Lawyer says President broke law with allegations against Solak


Lawyer Zdenko Tomanovic said on Tuesday that Serbian President Aleksandar Vucic does not have the authority to access information to back up his allegations that United Group co-owner Dragan Solak is a criminal.

Vucic has voiced those allegations on several occassions and admitted on Monday that he does not have the evidence to back them up but added that prosecutors have started certain proceedings against Solak. Tomanovic, who represents Solak, said that neither he nor his client have been informed about possible proceedings.

“It seems that the court does not have that information and most probably neither does the prosecution because an official document confirming that there are no criminal proceedings against Dragan Solak in Serbia has been issued by Republic of Serbia state bodies,” Tomanovic said. He recalled that investigations are ordered by prosecutors in line with the law and that only prosecutors can inform the courts and in some cases the police or other prosecutors, the suspect and his lawyer.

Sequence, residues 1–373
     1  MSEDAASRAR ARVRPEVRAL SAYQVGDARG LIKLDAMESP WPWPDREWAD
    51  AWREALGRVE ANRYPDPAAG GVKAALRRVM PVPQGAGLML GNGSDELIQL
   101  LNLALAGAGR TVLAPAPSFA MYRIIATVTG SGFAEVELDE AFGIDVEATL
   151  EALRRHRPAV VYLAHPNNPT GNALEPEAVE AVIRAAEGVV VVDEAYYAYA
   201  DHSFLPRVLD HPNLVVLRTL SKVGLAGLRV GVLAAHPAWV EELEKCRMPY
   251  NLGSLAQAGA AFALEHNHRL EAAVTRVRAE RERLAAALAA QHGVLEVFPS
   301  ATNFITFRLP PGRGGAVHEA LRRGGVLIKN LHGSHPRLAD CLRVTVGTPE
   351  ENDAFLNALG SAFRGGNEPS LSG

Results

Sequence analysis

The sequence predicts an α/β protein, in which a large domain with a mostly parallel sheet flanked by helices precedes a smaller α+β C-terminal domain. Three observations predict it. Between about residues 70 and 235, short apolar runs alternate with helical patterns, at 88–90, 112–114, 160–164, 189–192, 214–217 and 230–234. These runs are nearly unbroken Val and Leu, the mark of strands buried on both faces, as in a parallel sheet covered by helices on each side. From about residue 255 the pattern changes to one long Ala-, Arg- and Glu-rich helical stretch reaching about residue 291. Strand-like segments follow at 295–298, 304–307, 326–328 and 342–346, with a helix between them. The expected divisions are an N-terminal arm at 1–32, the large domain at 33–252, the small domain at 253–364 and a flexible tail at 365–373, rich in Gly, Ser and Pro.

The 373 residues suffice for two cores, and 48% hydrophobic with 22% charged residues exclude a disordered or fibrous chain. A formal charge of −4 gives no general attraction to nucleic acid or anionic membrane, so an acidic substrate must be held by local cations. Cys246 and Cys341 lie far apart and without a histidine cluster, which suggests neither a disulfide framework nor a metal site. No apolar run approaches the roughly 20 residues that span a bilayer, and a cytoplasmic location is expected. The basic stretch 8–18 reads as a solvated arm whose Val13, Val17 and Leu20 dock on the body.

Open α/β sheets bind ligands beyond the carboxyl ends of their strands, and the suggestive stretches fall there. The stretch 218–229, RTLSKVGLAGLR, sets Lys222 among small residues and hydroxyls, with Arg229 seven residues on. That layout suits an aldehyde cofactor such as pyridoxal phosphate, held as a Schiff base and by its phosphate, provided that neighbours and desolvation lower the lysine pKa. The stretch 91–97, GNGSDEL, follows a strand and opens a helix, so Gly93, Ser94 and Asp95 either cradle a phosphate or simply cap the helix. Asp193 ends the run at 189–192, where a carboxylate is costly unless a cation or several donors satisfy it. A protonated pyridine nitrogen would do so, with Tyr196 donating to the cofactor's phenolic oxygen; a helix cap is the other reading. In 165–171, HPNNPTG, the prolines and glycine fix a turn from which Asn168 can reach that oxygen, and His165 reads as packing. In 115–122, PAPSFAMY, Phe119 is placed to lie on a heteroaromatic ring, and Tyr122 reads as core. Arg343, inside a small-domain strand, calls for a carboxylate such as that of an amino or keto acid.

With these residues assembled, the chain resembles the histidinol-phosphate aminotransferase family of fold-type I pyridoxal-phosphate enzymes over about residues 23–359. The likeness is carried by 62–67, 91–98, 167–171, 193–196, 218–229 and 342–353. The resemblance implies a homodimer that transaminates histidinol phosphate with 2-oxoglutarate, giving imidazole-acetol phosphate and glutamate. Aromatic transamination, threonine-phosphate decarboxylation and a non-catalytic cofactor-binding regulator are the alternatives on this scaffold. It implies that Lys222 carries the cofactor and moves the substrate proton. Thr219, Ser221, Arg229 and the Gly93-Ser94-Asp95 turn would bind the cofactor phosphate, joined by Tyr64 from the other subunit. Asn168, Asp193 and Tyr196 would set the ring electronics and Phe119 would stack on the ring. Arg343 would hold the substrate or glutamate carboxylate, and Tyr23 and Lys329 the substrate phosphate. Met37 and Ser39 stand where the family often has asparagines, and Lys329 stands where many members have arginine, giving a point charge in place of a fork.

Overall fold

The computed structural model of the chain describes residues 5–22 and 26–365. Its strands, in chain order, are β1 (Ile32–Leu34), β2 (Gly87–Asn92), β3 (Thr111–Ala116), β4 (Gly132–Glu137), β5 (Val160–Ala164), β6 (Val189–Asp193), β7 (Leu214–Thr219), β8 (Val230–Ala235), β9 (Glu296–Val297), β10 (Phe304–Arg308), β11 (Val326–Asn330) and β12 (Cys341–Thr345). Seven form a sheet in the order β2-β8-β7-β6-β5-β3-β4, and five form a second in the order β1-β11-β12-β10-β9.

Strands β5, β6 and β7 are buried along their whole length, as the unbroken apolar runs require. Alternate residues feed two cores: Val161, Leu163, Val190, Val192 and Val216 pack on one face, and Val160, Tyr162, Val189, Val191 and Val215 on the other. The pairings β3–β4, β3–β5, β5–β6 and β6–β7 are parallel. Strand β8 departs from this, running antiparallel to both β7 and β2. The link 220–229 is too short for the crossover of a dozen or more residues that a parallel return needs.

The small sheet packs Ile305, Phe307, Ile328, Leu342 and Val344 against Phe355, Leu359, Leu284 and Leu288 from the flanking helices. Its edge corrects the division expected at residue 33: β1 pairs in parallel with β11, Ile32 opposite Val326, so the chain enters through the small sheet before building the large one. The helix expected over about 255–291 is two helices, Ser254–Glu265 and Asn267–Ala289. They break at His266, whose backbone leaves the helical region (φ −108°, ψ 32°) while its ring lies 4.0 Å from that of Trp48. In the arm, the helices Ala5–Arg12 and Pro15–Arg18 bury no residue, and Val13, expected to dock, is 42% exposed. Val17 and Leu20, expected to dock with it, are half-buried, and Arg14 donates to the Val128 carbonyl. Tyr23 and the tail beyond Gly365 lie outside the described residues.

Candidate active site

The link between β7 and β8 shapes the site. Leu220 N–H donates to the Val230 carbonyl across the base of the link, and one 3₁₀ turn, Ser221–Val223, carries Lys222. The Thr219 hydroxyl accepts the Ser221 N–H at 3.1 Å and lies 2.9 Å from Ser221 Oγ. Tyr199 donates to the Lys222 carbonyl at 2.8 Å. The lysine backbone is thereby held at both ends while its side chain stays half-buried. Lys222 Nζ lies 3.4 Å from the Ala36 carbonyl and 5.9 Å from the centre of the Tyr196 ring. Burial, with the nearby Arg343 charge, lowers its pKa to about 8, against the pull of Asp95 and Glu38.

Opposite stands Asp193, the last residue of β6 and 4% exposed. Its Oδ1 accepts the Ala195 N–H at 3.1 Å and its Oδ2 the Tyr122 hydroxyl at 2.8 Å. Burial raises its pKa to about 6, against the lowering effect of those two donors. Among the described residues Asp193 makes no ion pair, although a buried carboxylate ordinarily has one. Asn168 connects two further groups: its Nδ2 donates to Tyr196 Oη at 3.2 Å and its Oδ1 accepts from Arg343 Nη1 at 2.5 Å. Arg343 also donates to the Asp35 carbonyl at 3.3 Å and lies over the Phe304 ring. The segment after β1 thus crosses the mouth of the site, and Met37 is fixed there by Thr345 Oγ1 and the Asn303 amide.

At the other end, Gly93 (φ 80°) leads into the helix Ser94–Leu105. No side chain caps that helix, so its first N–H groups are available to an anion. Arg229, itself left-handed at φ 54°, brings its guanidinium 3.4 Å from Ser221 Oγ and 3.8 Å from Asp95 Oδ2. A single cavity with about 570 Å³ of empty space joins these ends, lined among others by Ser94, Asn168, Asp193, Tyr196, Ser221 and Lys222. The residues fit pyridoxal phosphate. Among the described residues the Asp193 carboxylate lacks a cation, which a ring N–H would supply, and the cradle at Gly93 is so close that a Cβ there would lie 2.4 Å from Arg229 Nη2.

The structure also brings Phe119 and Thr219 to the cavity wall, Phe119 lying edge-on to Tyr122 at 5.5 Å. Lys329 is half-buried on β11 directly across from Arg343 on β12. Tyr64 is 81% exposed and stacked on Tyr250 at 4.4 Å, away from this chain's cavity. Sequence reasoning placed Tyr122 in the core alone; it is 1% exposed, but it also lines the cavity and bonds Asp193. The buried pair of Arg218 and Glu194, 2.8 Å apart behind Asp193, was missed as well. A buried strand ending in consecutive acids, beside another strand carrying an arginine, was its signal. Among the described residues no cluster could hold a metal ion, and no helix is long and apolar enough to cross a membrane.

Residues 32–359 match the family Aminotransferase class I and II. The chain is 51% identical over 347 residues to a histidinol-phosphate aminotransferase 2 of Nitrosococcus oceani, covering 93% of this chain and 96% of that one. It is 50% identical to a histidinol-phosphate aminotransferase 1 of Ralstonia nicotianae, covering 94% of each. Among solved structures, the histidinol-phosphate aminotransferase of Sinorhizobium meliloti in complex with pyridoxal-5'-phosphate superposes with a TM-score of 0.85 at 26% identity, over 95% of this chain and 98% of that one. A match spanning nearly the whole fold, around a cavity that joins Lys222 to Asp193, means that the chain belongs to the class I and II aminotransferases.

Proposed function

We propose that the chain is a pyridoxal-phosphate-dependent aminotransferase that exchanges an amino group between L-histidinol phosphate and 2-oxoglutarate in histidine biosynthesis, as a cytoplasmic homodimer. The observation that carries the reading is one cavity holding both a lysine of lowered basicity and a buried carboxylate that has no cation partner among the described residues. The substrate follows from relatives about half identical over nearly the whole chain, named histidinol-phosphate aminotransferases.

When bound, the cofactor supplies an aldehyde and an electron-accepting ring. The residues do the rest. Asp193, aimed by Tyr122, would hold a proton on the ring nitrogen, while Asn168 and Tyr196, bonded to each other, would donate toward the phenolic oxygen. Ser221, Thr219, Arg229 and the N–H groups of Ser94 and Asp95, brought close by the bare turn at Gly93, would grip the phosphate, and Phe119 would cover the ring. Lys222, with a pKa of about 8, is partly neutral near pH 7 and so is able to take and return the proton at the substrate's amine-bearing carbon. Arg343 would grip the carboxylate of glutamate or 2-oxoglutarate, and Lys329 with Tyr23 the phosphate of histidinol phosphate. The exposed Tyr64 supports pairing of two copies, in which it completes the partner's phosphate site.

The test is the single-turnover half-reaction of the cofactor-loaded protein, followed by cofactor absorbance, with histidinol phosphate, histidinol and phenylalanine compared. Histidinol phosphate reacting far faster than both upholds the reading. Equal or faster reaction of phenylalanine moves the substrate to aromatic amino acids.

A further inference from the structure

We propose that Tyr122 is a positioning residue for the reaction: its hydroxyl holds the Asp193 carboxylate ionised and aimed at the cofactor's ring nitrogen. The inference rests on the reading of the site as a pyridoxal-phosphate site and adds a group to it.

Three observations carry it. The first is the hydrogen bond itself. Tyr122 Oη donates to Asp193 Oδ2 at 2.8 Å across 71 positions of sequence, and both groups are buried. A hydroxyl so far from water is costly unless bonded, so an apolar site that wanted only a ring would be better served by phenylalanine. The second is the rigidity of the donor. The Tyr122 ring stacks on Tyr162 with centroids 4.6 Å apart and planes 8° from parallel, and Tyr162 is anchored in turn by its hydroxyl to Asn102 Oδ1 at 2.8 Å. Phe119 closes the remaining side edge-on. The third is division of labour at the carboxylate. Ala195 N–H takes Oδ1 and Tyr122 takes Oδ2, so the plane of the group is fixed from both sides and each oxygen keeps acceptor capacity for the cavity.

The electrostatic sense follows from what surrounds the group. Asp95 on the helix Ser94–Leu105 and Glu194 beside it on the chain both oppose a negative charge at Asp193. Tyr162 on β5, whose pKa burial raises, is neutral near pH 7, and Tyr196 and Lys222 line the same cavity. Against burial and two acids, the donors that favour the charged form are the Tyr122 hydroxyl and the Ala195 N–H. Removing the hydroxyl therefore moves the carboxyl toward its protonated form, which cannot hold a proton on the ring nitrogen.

“That certainly is not the state president. However, the president’s claim that a citizen of Serbia is a criminal or that he thinks that a citizen of Serbia is a criminal is direct, forbidden by law, pressure and influence on a state body. Regardless of whether the claims of opinions that a citizen of Serbia is a criminal are stated as fact or a judgement, the Constitution and laws as well as the European Convention on Human Rights bans even the president, prime minister and cabinet ministers from voicing their views in public about criminal and legal issues, proceedings, about guilt or innocence and ban the shaping of public opinion by suggesting that someone is guilty or not,” Tomanovic said.

He said that the behavior of the president of Serbia is in violation of the law and constitution as well as international legal standards and rulings by the International Court of Human Rights. “The verbal criminalization of a citizen of Serbia, discrediting of a citizen of Serbia for the sake of political election marketing in favor of a political option is not just counter to the laws of Serbia, its Constitution and international-legal standards but also to the basic principles of legal hygiene and legal culture,” Tomanovic said.